Nursery trees are trees which have been grown under nursery conditions for at least two or three years. The most desirable method of handling such trees is to ball-and-burlap them, to lessen the danger of injury from transplanting. This applies to small trees with well-developed root systems, and especially to those which have been so root pruned that the root spread is in a smaller, more compact area than that of the usual nursery tree. Holes for nursery trees should be excavated at least one foot larger than the ball preserved with the tree. In other words, the roots of the tree should never be pruned to fit the hole in which the tree is to be planted and the roots should never be crowded. It is quite essential to place small guy wires, not less than three in number, to each small nursery tree from two to five inches in diameter. This is especially necessary when trees are in exposed locations or stand alone as specimens.

When large plantations are set out and the trees will be subjected to broad sweeps of wind, it is more economical not to guy, but rather to watch the plantation, and from time to time straighten up such trees as are pushed out of their normal position by the wind. In an effort to build up plantations of native growth, such as oak, beech, hickory, basswood, and any other forest trees, it is better to plant these trees in concentric circles or a spiral arrangement so that during the first three or four years any one could cultivate among these trees without very much difficulty. If the trees in such plantations are staggered here and there without any relationship to any avenues through which harrow or cultivator can pass, the maintenance work becomes a question of hand work instead of team work.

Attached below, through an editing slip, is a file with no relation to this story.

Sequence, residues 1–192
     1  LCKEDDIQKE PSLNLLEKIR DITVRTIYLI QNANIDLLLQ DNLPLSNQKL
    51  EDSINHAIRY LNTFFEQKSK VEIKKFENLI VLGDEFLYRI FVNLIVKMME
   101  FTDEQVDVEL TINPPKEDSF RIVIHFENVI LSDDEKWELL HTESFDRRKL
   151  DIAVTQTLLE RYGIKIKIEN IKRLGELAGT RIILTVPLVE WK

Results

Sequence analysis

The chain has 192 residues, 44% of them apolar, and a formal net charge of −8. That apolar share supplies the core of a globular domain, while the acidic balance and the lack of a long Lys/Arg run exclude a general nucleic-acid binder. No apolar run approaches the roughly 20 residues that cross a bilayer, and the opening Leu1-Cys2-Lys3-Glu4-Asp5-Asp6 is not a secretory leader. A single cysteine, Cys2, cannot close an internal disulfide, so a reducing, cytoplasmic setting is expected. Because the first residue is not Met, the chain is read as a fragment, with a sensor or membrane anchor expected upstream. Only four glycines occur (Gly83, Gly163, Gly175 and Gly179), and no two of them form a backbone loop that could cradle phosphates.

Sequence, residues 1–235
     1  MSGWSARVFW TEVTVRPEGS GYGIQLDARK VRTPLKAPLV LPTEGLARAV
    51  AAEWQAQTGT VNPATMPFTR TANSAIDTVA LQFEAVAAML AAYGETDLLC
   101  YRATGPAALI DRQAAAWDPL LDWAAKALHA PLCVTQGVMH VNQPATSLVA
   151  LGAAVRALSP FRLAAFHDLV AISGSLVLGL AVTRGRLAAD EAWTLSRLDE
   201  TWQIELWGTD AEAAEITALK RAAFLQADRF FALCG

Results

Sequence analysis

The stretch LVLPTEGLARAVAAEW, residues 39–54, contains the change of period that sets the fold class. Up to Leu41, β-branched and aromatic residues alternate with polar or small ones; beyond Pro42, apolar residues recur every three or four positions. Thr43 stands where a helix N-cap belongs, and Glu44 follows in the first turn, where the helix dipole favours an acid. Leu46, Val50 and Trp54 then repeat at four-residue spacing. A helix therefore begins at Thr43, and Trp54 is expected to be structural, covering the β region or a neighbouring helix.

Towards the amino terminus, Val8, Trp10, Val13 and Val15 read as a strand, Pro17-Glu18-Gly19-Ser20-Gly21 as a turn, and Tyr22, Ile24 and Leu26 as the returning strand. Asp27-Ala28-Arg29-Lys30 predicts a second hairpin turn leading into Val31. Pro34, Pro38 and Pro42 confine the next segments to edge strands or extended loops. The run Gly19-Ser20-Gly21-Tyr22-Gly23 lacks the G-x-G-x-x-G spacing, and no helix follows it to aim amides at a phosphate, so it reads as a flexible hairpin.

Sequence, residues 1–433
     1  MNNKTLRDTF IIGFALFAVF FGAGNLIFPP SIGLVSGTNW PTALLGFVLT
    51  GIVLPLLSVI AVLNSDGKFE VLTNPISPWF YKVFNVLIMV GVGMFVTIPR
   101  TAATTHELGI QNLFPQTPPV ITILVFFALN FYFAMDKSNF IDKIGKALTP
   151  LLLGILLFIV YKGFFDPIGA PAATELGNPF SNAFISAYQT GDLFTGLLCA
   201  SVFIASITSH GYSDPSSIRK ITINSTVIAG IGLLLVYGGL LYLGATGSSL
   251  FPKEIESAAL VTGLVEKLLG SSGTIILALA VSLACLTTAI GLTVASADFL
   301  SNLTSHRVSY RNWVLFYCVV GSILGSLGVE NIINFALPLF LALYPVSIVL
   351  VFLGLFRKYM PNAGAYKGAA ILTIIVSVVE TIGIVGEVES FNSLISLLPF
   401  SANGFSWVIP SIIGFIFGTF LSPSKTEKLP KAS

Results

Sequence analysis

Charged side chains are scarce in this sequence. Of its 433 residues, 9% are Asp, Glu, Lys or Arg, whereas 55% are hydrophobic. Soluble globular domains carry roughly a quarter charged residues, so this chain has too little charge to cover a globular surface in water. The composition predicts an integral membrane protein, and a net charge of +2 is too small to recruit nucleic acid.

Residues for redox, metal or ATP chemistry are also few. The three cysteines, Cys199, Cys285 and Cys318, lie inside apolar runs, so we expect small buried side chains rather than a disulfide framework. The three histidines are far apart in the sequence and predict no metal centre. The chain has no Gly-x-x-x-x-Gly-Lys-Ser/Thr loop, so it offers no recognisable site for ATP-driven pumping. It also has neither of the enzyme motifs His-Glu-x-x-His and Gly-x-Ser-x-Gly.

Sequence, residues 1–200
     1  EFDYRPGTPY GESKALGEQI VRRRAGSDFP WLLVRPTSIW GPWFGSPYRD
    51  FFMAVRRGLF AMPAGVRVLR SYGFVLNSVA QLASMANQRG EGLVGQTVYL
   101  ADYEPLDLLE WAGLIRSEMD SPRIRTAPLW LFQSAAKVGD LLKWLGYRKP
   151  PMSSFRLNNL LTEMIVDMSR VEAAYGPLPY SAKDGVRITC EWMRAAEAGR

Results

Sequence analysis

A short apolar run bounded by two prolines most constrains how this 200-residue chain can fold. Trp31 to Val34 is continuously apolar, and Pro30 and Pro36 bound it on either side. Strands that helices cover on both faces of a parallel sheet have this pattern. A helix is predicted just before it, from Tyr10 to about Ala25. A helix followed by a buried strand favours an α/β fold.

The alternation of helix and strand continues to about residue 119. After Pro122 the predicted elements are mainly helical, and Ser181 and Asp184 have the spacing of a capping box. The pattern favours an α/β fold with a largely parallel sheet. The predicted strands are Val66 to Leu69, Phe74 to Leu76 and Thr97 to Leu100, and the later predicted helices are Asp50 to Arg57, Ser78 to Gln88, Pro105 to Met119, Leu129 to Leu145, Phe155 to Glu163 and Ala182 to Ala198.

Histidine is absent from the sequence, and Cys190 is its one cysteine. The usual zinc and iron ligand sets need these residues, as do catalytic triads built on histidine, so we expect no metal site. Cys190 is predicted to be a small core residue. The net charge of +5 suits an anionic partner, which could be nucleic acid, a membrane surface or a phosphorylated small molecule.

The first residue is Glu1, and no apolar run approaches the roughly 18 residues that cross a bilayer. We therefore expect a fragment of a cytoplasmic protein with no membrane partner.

A - Anemone. B - Bulbous Iris. C - Chionodoxo. O -Crocus.

E - SnQivdrop. F - Squill. G - Grape Hyacinth.

H - Tulip. I - Hyocinth. J - Narcissus. K - Lily.

Note Stem-rooting lilies should be covered by earth 3 1/2 times depth of bulb.

Bottom-rooting lilies should be covered 2 times depth of bulb.

Plate IX. It is important to know the depth, distance apart, and time of the year at which different kinds of bulbs should be planted. Many disappointing flower effects are the result of violating these rules with reference to depth, distance apart, and time of planting. (See page 67)